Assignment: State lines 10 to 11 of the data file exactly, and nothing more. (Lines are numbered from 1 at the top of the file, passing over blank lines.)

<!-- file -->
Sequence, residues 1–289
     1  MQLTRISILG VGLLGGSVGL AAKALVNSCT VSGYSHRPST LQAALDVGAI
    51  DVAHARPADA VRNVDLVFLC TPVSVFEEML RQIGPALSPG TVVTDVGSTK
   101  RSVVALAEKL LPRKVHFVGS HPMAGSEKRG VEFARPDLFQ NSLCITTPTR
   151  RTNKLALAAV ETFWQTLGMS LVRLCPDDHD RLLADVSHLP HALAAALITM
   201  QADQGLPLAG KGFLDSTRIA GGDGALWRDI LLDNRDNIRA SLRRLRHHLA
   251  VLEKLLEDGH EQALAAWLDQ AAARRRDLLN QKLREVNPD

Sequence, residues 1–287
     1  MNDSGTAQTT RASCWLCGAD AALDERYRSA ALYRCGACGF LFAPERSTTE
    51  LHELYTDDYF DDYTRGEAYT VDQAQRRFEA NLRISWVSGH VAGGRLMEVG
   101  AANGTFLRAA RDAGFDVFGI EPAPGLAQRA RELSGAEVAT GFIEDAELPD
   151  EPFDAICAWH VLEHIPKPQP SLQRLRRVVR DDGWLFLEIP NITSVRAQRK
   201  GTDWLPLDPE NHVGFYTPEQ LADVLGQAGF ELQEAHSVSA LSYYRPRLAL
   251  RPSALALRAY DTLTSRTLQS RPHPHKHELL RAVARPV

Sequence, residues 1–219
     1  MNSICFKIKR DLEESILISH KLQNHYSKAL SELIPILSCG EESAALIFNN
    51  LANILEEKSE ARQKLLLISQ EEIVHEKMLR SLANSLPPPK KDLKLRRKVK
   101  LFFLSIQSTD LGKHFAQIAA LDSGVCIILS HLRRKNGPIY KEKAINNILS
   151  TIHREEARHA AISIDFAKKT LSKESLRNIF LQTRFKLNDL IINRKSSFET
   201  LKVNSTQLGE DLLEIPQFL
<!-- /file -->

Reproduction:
    51  LHELYTDDYF DDYTRGEAYT VDQAQRRFEA NLRISWVSGH VAGGRLMEVG
   101  AANGTFLRAA RDAGFDVFGI EPAPGLAQRA RELSGAEVAT GFIEDAELPD